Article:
Väinö and Hilma Ylén’s home museum, maintained by the Kodisjoki Art Association, is located near the village Kodisjoki. The house opened to the public immediately after the artist’s death in summer 2001. The exhibition is one of the most significant ITE art entities in Finland.
When Väinö Ylén was only four years old, his father died. Väinö was sent to a big farm at the age of seven to work as a farmhand, and he received no education other than stints at a circulating school. Yet everyone’s first impression of him was of a smart child who kept up with the times. The poor boy acquired an old mill and became a village miller until the war broke out, at which time he had to stop working for five years. Väinö did not want to join the Continuation War, having returned home alive once. He was said to have been hiding in the forests in Laitila for a while – a deserter, he was called.
Ylén was an energetic and inventive man, and in addition to having been a miller, an apple grower and a farmer, he also ran a combine harvester and dryer contracting company and worked as a church caretaker and, above all, a bricklayer. His speed as a bricklayer was legendary.
When he retired, Ylén turned his barn into a gallery and began creating his sculptures. He worked hard and made more than 500 concrete works over two decades. In order to be able to spend any time with her husband, Ylén’s wife Hilma also decided to start making concrete sculptures and made a dozen works herself.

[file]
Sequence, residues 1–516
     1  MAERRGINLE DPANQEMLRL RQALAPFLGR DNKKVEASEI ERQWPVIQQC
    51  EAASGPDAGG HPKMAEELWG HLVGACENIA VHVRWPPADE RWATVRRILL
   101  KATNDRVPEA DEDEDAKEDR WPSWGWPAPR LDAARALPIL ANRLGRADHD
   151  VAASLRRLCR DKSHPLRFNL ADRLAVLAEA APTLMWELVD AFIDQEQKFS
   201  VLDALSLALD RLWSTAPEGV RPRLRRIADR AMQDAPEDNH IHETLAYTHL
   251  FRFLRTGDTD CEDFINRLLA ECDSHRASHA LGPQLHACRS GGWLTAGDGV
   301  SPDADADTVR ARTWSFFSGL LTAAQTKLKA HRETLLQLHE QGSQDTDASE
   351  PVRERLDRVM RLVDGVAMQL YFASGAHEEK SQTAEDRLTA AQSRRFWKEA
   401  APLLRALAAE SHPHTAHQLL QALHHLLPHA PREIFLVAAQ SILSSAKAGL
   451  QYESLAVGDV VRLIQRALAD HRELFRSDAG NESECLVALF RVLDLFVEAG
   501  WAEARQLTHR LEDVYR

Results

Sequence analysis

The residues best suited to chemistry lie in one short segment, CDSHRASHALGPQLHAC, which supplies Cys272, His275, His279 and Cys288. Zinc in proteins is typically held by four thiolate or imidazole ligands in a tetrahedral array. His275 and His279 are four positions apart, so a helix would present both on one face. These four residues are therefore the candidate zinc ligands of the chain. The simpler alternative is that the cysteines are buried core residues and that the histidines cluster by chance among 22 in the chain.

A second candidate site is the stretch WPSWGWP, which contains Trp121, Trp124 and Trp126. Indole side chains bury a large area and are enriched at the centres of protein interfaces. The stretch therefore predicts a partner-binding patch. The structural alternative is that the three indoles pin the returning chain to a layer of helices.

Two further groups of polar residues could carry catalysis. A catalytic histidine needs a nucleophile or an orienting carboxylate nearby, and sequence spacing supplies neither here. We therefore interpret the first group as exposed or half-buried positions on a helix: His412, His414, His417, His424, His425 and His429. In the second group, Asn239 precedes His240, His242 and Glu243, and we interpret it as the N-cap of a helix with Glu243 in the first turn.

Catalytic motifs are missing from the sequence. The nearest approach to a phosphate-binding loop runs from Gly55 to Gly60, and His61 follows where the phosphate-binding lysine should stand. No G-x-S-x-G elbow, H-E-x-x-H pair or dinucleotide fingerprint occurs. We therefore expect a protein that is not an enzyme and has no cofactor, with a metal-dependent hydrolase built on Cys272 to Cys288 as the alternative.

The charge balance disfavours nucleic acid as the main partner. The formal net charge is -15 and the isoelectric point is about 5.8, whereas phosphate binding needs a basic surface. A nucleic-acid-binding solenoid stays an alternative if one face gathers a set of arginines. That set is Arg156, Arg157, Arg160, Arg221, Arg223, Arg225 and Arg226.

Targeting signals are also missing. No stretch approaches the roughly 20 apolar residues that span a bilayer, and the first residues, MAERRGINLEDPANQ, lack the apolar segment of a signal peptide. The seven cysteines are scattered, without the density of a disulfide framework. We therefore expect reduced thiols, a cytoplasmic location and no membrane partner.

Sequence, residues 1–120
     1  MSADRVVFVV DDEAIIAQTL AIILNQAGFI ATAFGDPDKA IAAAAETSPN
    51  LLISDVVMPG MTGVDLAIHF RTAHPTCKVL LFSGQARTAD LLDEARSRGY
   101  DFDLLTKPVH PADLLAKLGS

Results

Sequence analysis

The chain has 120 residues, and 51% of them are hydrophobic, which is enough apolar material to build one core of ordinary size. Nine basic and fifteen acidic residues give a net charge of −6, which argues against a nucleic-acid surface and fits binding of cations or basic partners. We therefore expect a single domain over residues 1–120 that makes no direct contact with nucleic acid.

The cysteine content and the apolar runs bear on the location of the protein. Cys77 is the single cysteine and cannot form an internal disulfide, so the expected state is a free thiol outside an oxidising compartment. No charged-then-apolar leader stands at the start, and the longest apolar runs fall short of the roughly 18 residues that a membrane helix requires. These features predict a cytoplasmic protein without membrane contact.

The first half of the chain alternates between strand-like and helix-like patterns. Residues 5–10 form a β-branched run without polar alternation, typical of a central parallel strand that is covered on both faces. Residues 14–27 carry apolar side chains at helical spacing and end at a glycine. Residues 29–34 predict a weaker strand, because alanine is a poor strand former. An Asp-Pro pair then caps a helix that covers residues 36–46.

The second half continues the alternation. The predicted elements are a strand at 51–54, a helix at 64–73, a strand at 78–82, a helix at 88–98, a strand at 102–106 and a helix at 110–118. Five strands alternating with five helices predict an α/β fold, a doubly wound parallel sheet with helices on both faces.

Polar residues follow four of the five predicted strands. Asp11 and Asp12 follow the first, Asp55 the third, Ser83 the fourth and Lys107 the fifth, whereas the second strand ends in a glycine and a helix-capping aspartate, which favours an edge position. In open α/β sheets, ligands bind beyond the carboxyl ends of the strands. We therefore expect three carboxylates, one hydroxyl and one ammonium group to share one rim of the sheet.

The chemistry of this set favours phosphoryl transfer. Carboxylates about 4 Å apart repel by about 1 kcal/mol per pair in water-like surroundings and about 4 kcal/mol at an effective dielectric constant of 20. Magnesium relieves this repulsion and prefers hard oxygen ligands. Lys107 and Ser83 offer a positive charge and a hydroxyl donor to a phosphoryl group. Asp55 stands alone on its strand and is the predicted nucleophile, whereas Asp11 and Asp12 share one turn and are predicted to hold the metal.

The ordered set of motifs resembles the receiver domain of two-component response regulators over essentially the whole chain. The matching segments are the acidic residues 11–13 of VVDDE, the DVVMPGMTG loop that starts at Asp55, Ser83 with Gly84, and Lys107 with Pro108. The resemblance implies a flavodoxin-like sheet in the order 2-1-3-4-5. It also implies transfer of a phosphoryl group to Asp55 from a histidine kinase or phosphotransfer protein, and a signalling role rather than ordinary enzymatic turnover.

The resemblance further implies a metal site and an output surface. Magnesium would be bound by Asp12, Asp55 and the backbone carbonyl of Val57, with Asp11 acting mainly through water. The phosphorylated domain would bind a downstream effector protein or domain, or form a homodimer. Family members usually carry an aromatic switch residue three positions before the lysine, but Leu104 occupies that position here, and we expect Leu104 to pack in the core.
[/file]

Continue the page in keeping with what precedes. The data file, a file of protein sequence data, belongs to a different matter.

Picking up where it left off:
The subjects of the works are inspired by their everyday life, and they subtly convey Väinö and Hilma’s life story. A little boy, newly orphaned, sits with his siblings in a sled pushed by their sad-looking mother. And soon there’s Väinö, meeting his future wife for the first time: the young Hilma stands in her winter clothes, slim and shy. Their wedding is depicted in great detail, and each guest is immortalised in an individual sculpture. A doctor bends down to tend to a soldier mutilated by a grenade, while the soldier’s comrades support their wounded friend.
Life does not always go as planned. The Yléns were never blessed with a child. The most touching series of works in the barn starts with sculptures of pregnant women, continues with a couple with twins returning from the maternity ward, and soon the little ones are playing in the sandbox. The description of the miracle of children growing continues with them at school, at leisure, and during family celebrations.
Text: Veli Granö. Editor: Lauri Oino. Images: Veli Granö.